Keywords

Central line infectionsHealth care–acquired infectionsHealth care–associated infectionsHealth policyCLABSI

Introduction

Health care–associated infections (HAIs) exact a significant toll on human life. They are among the top 10 causes of death in the United States, accounting for an estimated 1.7 million infections and 99,000 associated deaths in 2002 [1••]. In hospitals, they are a significant cause of morbidity and mortality. In addition to the substantial human suffering exacted by HAIs, the financial burden attributable to these infections is staggering. Studies suggest that HAIs cause an estimated $28 to $33 billion in excess health care costs each year [2•].

Central line–associated blood stream infections (CLABSI) are among the most common, lethal, and costly HAIs in the acute care hospital setting (Table 1). Recent data attribute 14% of HAIs to CLABSI [1••]. The emergence of antimicrobial-resistant pathogens threatens to add to the CLABSI burden. Despite these sobering facts, CLABSI are largely preventable and effective strategies to eliminate these infections can save over 30,000 deaths and $9 million in excess costs each year. The growing demands on the health care system, coupled with concerns of antimicrobial-resistant pathogens and rising health care costs, reinforce the imperative to address this issue.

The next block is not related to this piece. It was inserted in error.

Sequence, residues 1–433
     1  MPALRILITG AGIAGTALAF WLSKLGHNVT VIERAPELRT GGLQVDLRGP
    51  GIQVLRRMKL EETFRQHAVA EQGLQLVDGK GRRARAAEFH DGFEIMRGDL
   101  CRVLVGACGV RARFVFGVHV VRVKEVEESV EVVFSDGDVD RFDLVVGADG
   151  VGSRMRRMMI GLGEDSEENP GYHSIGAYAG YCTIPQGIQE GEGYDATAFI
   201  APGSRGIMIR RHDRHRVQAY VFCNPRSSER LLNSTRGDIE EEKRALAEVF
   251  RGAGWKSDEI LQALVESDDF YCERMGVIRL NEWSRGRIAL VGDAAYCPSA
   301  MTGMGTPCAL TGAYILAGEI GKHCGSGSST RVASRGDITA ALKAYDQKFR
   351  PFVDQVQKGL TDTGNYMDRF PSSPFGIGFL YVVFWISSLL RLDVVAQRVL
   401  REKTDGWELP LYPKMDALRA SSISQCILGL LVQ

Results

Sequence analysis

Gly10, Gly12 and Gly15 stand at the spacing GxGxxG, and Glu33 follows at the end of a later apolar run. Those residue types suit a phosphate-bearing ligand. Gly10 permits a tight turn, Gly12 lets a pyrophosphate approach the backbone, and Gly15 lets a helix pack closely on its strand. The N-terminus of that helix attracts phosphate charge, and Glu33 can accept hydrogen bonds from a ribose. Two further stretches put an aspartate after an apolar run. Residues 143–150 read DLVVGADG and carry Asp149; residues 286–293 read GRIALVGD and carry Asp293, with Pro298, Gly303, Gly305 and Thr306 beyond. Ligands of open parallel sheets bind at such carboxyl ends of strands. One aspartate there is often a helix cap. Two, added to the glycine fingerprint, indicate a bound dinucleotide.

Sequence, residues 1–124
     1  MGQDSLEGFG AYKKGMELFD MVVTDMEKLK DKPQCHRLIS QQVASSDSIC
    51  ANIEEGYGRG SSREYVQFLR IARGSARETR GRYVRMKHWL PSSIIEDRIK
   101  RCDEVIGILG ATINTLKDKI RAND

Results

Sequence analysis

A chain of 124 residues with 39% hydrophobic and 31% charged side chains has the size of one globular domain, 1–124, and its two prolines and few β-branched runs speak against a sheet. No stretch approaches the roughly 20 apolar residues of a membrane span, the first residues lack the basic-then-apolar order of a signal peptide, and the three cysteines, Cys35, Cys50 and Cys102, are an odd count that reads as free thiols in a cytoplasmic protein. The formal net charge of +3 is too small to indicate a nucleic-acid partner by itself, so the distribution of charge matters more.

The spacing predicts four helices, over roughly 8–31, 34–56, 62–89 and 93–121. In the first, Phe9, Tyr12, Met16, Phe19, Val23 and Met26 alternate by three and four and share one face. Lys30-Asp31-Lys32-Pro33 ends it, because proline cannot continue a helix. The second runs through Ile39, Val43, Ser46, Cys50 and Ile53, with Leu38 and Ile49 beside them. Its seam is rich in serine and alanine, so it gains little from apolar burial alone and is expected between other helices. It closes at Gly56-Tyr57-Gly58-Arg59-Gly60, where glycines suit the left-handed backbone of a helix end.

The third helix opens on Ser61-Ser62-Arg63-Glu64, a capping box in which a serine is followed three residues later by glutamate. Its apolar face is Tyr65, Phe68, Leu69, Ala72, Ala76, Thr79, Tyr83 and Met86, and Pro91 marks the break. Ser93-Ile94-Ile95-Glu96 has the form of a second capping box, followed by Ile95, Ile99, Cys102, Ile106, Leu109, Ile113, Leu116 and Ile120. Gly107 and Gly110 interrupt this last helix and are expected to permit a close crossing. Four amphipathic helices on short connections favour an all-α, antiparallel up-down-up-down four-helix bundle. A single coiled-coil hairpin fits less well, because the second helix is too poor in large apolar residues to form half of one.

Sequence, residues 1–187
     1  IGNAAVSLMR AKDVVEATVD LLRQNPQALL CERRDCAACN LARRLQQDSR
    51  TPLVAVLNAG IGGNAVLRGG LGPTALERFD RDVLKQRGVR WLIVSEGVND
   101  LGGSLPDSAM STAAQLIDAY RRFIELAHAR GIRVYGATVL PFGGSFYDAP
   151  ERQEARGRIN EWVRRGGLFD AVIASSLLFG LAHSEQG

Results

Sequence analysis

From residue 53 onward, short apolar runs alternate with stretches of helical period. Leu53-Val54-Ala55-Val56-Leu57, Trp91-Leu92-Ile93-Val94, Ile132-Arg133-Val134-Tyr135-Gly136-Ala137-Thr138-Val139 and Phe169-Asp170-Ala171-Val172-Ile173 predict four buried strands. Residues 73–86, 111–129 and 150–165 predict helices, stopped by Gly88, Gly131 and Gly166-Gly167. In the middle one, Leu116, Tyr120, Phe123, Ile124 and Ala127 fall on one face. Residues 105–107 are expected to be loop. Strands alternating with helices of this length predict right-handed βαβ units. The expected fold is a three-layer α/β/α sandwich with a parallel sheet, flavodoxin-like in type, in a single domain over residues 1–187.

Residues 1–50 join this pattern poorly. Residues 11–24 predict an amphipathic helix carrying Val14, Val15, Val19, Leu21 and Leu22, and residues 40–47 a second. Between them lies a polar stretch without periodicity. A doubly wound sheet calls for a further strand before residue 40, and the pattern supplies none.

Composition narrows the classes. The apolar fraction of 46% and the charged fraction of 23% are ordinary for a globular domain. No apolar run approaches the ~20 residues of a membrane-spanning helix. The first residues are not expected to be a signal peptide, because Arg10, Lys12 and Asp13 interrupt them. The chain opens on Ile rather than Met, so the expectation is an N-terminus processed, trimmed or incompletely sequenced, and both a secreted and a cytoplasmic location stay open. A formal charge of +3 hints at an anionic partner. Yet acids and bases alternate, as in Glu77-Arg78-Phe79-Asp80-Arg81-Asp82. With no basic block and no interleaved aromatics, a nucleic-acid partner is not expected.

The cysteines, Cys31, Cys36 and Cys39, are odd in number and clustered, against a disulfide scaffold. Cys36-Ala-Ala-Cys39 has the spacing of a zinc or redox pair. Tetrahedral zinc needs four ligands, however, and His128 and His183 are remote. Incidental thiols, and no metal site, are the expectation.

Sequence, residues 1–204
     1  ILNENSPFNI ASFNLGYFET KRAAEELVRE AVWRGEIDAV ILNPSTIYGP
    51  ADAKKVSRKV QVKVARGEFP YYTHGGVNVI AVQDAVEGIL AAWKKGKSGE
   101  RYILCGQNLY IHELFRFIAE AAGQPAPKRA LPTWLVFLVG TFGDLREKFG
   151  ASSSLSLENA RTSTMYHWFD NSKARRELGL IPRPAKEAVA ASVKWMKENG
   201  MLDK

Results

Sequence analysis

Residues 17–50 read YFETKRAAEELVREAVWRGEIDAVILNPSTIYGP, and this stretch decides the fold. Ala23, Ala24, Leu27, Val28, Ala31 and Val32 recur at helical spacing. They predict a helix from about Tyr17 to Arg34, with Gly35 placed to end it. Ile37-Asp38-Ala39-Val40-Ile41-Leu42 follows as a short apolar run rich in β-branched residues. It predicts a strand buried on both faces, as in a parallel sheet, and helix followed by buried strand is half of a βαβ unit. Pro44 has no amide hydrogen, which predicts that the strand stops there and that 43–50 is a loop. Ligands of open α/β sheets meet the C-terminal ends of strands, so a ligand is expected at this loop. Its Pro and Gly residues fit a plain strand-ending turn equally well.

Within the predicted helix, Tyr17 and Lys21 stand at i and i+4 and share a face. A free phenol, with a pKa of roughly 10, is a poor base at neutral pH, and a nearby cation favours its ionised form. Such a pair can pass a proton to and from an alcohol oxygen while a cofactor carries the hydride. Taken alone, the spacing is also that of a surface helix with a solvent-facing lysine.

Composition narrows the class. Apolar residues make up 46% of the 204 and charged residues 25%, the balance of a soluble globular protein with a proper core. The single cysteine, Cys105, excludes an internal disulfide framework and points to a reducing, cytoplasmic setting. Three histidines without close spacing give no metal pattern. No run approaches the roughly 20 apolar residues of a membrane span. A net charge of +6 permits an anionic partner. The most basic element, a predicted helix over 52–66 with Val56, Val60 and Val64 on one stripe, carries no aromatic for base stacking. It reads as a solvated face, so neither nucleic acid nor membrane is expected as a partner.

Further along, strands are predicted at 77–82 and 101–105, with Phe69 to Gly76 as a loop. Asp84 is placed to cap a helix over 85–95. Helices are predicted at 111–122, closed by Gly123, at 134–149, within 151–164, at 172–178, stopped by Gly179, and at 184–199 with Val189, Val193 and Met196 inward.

Table 1

Estimated annual hospital cost of health care–associated infections by site of infections [1, 39, 40]

Major site of infection

Total infections

Hospital cost per infection

Total annual hospital cost (in millions)

Deaths per year

Surgical site infection

290,485

$25,546

$7,421

13,088

Central line–associated blood stream infection

248,678

$36,441

$9,062

30,665

Ventilator-associated pneumonia

250,205

$9,696

$2,494

35,967

Catheter-associated urinary tract infection

561,667

$1,006

$565

8,205

In this manuscript, we will review the pathophysiology and microbiology of CLABSI, escalating pressure from stakeholders to reduce CLABSI, and describe successful collaborative efforts that have achieved unprecedented and sustained CLABSI reductions. As the paradigm shifts from viewing CLABSI as “an inevitable complication of complex care” to a “preventable cause of unnecessary harm,” these successful efforts highlight existing opportunities to save patients’ lives and the expense of device-associated infections.